8 Healthy Alternatives to Coffee and Soda

By Michael Galvan | 12/14/2015

The United States is one of the largest global consumers of caffeinated beverages. Nearly half of Americans drink at least one soda per day, and 63% drink at least one cup of coffee.But often times this thirst for caffeine is coupled with high-calorie, sugar-laden drinks, which isn’t entirely healthful. Excess amounts of caffeine can have negative effects on the body. Caffeine has been linked to higher blood pressure 2, an increased risk for heart attacks 3, and insomnia 4.For many, it becomes so natural to drink caffeine that they are completely unaware of their physical dependence, and attempts to quit can result in severe withdrawal.So how do you reduce your caffeine intake if you still feel like you need some extra energy? There are several options to re-energize your body that don’t involve large doses of caffeine.

Mix your water with honey and a ginseng extract.

Ginseng extracts are produced from the root of the ginseng plant. It is one of the oldest natural remedies and is prominent in traditional Chinese medicine. Many people swear by its invigorating effects. Ginseng has also been shown to enhance memory6 and calmness7.  This compound is bitter though, so try mixing it with water and natural sweetener like honey.

Drink some green tea.

Green tea originated in China and is brewed from Camellia sinensis leaves. Some of the more active ingredients in green tea are catechins (natural antioxidants) and small amounts natural caffeine. Green tea has significantly less caffeine than a cup of coffee.

Chew mint flavored gum.

A recent university study found that that mint gum was linked to a self-reported decrease in sleepiness8. The researches hypothesized that it might be linked to the act of chewing itself or the “arousing effects of the mint flavor” that may help create an extra pep in your step.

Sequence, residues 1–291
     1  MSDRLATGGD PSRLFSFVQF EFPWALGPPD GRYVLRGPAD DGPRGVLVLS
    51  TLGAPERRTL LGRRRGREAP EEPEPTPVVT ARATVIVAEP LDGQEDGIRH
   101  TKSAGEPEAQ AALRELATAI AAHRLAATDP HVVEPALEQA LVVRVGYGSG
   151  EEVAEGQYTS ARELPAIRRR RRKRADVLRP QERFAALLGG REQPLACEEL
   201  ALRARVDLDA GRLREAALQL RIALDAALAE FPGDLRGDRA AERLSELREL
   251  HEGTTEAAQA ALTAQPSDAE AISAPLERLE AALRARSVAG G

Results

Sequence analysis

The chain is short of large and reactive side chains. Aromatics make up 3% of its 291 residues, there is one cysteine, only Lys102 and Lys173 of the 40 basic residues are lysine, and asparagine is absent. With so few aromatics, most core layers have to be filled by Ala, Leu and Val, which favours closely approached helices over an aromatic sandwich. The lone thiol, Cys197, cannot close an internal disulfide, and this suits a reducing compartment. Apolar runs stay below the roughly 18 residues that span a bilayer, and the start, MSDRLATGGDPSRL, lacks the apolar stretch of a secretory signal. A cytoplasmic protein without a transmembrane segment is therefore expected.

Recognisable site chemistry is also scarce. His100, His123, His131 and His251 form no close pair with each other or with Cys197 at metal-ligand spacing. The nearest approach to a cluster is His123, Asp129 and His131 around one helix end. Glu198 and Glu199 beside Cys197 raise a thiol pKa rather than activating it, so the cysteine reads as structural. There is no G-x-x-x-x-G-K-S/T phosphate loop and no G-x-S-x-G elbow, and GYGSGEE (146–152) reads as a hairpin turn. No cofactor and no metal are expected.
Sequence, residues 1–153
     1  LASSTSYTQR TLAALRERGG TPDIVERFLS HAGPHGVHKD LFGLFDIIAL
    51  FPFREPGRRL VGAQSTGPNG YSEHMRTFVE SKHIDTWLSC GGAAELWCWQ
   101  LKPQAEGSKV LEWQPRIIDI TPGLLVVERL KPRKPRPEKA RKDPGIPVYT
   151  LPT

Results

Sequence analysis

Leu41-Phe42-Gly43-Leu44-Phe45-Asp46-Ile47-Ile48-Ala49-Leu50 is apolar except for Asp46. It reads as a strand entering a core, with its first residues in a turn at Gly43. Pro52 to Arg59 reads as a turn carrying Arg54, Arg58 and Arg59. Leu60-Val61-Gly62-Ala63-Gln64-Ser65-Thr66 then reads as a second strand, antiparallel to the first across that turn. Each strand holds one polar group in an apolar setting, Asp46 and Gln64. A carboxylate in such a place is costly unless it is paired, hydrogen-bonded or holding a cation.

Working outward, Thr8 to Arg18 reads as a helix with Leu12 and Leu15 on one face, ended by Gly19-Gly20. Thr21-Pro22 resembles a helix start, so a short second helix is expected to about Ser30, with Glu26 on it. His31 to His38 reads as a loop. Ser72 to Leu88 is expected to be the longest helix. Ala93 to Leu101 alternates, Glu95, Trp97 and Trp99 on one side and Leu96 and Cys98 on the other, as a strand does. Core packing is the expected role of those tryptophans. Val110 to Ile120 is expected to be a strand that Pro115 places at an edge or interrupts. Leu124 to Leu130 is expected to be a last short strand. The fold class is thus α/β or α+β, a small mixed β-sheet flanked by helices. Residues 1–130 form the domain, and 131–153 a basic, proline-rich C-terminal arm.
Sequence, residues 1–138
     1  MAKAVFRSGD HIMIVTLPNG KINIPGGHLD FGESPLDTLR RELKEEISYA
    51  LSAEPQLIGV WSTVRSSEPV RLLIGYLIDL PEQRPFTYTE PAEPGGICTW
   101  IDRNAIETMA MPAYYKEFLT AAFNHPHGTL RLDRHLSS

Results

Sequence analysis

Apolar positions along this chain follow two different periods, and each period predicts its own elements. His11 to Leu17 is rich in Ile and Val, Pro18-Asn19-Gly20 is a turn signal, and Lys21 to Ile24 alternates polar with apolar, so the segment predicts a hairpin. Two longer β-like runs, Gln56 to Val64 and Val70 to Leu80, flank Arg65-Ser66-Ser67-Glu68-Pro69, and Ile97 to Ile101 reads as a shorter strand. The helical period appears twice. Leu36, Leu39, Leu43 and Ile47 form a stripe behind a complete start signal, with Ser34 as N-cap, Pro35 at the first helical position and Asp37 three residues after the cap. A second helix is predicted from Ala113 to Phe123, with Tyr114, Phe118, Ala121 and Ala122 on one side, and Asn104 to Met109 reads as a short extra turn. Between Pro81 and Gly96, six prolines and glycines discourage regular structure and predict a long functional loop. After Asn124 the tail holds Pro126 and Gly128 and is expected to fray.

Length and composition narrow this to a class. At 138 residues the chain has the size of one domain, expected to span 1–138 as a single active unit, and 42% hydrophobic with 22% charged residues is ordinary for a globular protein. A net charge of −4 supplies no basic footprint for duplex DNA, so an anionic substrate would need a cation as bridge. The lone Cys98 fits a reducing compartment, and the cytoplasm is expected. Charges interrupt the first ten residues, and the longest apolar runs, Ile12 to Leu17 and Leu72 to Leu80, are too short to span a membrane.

Sip on a chai latte.

This is popular combination of black tea blended with aromatic Indian spices and herbs. This mixture has a consistency similar to coffee and contains only a small amount of natural caffeine. Even Oprah has switched to chai lattes to help her power through the long work days.

Drink more water.

Water is the best thing for your body. Many times slight dehydration will manifest itself with feelings of fatigue. Try drinking more water to improve your energy levels.

Eat fewer fatty foods and more whole wheat carbohydrates.

A recent study linked higher fat consumption with increased daytime sleepiness, while higher carbohydrate intake was associated with increased alertness9. Whole wheat carbohydrates provide fuel for the body and essential fiber. Whole wheat carbohydrates also have less sugar than many of the processed varieties. 

Make yourself a seaweed salad.

Seaweed is known for its naturally high iodine content. Iodine can help regulate your weight and energy levels.

Sniff some cinnamon.

Researchers at Wheeling Jesuit University found a link to the scent of cinnamon and behavior. Participants found that a smelling cinnamon can improve attention span, working memory and cognitive functions.10 It has also been shown to help lower high blood pressure.

Chow down on citrus fruits.

Citrus fruits like oranges, grapefruits, kombucha, and lemons are packed with vitamin C.  Vitamin C is crucial for helping turn fat to energy.

While small amounts of caffeine in coffee may be beneficial, there are no health benefits due to the large doses of caffeine in sugary soda. These are healthy alternatives to carbonated beverages and energy drinks. When trying to kick the mass amounts of coffee or afternoon soda, take the process one day at a time. Caffeine deprivation can cause serious withdrawal symptoms, but by slowly introducing alternative methods of staying alert, you may find yourself with just as much energy from healthy sources. 

References

1. http://www.gallup.com/poll/156116/nearly-half-americans-drink-soda-daily.aspx

2. http://www.sciencedirect.com/science/article/pii/S0895706102031552

3. http://www.eurekalert.org/pub_releases/2015-08/esoc-clw082815.php

4. http://europepmc.org/abstract/MED/186223/reload=0;jsessionid=CzWm7s65jDRhoHPFzX4K.10

5. http://www.hopkinsmedicine.org/psychiatry/research/BPRU/docs/Caffeine_Dependence_Fact_Sheet.pdf

6. http://rd.springer.com/article/10.1007/s002130000533

7. http://rd.springer.com/article/10.1007/s00213-010-1964-y

8. http://www.sciencedirect.com/science/article/pii/S0031938411005087

9. http://www.huffingtonpost.com/2013/05/10/fat-daytime-sleepiness-food-alertness-carbohydrates_n_3239837.html

10. http://www.wju.edu/about/adm_news_story.asp?iNewsID=1106&strBack=%2Fabout%2Fadm_news_archive.asp